In companies with a one-tier structure, the board of directors is responsible for determining the corporate strategy and supervising its implementation. It is also responsible for controlling the management of the company, for appointing and removing the chair, CEO and deputy CEOs and determining their remuneration, and for convening the shareholders' meetings.

In companies with a two-tier structure, the supervisory board supervises the management board and carries out the verifications and inspections it considers appropriate. The supervisory board also has specific attributions, which are similar to those attributed to the board of directors.

Delegation of board responsibilities

Decisions taken by the board of directors are collective decisions and cannot be delegated to one or more specific directors or to third parties.

The board of directors or supervisory board may give specific mandates to certain members to study identified issues.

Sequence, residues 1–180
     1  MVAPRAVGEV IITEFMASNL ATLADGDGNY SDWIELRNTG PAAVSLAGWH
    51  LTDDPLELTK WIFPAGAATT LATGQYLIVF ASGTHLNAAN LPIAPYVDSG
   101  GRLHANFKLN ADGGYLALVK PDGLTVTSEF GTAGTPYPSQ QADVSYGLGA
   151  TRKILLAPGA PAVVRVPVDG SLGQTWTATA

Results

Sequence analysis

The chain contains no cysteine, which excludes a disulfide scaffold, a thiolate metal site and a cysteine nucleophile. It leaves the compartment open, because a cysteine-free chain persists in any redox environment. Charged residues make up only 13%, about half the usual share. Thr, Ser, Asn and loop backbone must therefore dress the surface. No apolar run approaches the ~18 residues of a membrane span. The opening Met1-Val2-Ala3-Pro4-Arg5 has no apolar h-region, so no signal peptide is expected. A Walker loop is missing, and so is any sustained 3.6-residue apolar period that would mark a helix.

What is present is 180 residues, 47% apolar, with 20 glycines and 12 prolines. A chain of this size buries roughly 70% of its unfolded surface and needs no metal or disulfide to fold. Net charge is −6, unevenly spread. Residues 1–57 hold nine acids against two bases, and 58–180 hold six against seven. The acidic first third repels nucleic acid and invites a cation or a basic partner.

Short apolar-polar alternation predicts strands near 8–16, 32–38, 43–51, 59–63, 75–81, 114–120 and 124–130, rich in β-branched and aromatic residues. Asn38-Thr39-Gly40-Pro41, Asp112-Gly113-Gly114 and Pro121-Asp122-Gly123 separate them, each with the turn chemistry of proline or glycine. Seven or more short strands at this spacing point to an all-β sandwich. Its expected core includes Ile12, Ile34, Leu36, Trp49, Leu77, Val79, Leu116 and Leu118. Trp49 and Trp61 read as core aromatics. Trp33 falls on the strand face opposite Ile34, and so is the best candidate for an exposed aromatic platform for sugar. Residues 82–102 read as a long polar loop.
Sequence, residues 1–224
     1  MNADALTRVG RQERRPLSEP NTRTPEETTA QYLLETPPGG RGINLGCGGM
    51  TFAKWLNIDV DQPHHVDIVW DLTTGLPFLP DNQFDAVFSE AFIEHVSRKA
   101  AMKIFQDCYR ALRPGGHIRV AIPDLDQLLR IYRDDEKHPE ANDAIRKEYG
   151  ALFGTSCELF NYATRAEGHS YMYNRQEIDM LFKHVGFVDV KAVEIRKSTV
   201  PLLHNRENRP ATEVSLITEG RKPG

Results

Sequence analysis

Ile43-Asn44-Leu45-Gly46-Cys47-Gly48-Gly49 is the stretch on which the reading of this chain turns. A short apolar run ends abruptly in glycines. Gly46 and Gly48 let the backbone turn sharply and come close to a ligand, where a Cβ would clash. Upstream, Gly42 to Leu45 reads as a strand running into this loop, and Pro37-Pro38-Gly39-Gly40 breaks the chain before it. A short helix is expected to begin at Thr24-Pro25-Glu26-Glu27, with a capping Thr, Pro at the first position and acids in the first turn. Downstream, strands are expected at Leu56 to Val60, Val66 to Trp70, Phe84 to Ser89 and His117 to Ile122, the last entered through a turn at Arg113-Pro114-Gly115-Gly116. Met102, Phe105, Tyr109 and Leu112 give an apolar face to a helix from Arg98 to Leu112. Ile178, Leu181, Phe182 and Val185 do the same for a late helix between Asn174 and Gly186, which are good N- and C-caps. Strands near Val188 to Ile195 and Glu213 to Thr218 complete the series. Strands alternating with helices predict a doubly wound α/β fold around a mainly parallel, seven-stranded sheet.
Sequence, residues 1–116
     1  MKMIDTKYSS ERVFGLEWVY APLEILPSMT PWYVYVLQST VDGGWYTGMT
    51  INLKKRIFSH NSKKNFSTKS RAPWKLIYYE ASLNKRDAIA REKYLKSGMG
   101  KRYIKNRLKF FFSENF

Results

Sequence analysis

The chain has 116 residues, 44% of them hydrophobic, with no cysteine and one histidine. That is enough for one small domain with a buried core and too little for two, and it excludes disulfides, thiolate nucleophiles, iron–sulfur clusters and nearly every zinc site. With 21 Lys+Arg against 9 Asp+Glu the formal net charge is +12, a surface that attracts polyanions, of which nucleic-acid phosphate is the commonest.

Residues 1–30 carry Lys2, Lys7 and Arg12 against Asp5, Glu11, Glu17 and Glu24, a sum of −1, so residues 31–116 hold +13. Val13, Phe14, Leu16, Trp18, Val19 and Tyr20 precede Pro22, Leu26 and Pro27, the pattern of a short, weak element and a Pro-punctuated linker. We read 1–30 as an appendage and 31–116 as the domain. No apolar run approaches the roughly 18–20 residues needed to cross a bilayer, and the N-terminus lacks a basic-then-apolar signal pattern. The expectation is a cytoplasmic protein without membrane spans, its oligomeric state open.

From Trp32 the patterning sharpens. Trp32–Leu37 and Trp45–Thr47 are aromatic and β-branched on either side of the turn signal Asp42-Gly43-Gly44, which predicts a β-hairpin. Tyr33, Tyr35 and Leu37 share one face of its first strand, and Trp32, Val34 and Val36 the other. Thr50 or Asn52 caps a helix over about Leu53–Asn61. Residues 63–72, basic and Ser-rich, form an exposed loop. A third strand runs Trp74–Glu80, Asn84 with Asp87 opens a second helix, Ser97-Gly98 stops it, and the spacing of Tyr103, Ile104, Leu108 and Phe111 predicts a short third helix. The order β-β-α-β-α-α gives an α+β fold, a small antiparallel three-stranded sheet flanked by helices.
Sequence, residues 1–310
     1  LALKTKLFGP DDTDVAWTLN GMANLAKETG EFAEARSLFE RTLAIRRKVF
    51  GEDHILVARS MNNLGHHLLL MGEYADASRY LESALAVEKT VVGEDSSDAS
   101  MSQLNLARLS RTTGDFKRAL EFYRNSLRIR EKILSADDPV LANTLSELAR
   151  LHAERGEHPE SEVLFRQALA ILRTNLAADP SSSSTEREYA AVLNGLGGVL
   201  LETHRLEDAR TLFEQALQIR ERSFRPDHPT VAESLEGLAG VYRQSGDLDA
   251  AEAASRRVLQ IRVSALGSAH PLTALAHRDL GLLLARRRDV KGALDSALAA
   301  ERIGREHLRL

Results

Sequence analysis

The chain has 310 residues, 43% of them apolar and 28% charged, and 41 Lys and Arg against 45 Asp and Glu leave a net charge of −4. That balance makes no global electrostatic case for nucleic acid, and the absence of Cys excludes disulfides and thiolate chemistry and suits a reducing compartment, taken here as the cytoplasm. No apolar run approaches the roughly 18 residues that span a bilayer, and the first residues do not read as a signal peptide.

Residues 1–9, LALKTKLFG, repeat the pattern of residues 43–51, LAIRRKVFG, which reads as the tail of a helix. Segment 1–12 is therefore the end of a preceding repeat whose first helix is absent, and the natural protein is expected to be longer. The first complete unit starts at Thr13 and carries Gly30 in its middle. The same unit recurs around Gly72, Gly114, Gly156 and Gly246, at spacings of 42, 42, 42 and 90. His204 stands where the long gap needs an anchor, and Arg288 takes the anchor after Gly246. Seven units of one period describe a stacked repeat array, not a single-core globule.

Separation of roles of CEO and chair

The chair organises the work of the board of directors and chairs the meetings. He or she also ensures that the different decision-making bodies of the company operate properly. Although it is not expressly specified as being one of his or her responsibilities, the chair can communicate directly with shareholders but will remain bound by an absolute duty of confidentiality and is thus prohibited from disclosing privileged information.

Remuneration of directors and senior management